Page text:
A voluntary code for the proxy research industry has failed to address concerns around conflicts of interest and the independence of advice, Norway’s sovereign wealth fund has warned.

Norges Bank Investment Management (NBIM), asset manager for the Government Pension Fund Global, told the European Securities and Markets Authority (ESMA) it was unhappy with the scope of the Best Practice Principles for Providers of Shareholder Voting Research (BPP), drafted after the supervisor ruled out further regulation of the proxy adviser market.

Responding to ESMA’s consultation on the BPP’s impact, NBIM said the industry code lacked detail in “key areas”, such as mitigating conflicts of interest.

In a letter, NBIM’s head of active ownership Gavin Grant and CIO of equity strategies Petter Johnsen said: “Specifically, we continue to see clear risk of conflict of interest when voting advisers sell services to both shareholders and issuers.”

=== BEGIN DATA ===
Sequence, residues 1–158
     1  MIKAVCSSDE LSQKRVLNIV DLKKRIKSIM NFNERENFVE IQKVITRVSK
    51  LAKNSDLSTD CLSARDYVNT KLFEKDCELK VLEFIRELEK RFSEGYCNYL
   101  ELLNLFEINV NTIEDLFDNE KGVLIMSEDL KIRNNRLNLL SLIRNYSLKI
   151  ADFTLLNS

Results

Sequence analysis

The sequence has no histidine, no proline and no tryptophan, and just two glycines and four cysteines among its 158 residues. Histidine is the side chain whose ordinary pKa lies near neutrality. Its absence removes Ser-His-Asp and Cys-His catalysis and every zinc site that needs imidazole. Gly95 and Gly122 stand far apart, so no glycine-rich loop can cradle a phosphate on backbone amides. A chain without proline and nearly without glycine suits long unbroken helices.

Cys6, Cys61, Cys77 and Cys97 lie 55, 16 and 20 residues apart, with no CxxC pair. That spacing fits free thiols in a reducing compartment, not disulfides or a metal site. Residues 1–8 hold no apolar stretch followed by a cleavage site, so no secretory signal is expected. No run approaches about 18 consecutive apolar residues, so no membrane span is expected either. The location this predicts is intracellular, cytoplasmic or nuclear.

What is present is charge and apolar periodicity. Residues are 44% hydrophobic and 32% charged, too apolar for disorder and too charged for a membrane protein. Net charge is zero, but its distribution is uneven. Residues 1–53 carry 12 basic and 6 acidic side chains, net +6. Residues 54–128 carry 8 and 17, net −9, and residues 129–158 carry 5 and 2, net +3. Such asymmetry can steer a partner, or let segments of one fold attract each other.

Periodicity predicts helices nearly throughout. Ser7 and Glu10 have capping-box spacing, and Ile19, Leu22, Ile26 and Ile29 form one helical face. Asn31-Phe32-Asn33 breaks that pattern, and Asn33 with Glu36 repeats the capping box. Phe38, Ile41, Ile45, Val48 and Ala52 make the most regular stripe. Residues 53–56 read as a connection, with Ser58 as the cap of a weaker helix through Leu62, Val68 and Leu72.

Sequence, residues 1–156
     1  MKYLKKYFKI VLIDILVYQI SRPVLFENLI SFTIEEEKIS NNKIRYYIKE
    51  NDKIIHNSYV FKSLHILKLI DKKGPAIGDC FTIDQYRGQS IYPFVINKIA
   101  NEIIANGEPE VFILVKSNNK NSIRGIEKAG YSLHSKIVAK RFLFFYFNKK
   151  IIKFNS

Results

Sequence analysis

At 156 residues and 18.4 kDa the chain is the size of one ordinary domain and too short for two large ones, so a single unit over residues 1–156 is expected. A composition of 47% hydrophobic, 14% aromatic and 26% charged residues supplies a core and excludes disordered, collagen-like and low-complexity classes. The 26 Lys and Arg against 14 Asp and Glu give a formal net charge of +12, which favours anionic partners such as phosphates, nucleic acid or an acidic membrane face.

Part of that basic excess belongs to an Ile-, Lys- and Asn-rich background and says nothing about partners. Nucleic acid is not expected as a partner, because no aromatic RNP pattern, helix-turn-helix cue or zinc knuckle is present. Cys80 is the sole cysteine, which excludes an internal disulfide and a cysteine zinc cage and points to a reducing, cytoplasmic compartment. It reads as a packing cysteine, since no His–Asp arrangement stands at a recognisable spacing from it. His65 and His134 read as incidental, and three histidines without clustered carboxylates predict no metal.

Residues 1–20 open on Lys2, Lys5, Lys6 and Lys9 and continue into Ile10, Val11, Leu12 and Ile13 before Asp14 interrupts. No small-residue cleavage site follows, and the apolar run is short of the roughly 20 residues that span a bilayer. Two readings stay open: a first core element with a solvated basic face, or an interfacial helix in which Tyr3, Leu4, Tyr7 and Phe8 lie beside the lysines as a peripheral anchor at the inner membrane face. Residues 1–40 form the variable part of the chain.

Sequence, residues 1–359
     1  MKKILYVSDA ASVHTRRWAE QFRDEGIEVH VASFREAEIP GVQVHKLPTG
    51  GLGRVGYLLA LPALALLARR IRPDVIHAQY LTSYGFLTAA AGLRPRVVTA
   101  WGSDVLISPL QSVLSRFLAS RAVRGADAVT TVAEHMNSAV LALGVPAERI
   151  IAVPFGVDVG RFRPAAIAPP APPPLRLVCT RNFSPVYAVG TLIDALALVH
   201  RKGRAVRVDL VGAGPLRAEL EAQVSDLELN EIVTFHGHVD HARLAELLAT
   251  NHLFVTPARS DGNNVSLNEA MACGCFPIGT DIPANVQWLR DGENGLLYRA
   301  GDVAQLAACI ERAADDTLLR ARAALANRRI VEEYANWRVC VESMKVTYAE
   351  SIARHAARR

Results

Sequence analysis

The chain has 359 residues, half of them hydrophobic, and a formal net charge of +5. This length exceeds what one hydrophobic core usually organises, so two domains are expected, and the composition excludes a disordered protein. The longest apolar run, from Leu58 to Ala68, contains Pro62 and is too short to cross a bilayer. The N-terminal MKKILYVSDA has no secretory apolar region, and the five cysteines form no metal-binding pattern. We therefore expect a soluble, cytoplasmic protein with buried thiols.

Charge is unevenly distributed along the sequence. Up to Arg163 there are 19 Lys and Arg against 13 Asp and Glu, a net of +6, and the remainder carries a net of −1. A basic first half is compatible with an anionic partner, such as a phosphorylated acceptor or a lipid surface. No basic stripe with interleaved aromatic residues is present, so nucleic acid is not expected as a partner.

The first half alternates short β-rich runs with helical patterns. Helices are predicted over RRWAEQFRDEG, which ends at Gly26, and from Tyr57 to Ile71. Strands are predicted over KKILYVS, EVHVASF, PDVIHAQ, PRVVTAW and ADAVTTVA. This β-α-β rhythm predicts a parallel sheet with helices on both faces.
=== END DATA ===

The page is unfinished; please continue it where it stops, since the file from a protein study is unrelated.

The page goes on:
The letter – noting that the BPP did not require the “detailed disclosure” of all relationships – added: “The practice introduces unavoidable questions about the independence and integrity of the resulting analysis and recommendations provided to investors.”

NBIM said that, due to the lack of adequate self-regulation set out in the BPP, further regulation was “warranted”.

“The nature of regulation may be binding if it then falls into the realm of [EU] or nationally supervised activities,” it said.

Frank Curtiss, head of corporate governance at the UK’s RPMI Railpen, said it would be “premature” to draw any conclusions only a year after the BPP came into force.

He said there were “encouraging early signs” of improvements to transparency around identifying, disclosing and managing conflicts of interest.

Eumedion, the Dutch corporate governance body, said it stood by previous assessments that conflicts of interest would be “appropriately addressed” by the Shareholder Rights Directive and the BPP.